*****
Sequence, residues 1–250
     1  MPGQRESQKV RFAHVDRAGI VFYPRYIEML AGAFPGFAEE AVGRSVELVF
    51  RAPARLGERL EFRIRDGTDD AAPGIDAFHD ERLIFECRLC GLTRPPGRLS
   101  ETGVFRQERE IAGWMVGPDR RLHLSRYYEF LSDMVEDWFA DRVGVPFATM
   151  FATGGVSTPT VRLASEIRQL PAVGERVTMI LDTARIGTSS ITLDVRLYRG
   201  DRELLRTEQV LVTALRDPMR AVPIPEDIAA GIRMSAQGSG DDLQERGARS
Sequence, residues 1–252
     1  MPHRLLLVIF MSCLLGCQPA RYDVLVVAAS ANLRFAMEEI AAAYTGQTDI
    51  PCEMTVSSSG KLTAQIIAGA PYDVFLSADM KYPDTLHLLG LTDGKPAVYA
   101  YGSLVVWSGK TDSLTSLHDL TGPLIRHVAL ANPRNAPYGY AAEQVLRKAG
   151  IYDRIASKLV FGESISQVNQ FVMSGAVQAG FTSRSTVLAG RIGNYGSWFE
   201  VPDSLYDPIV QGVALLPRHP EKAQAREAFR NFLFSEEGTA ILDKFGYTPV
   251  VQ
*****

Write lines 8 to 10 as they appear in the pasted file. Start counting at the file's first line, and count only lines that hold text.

     1  MPHRLLLVIF MSCLLGCQPA RYDVLVVAAS ANLRFAMEEI AAAYTGQTDI
    51  PCEMTVSSSG KLTAQIIAGA PYDVFLSADM KYPDTLHLLG LTDGKPAVYA
   101  YGSLVVWSGK TDSLTSLHDL TGPLIRHVAL ANPRNAPYGY AAEQVLRKAG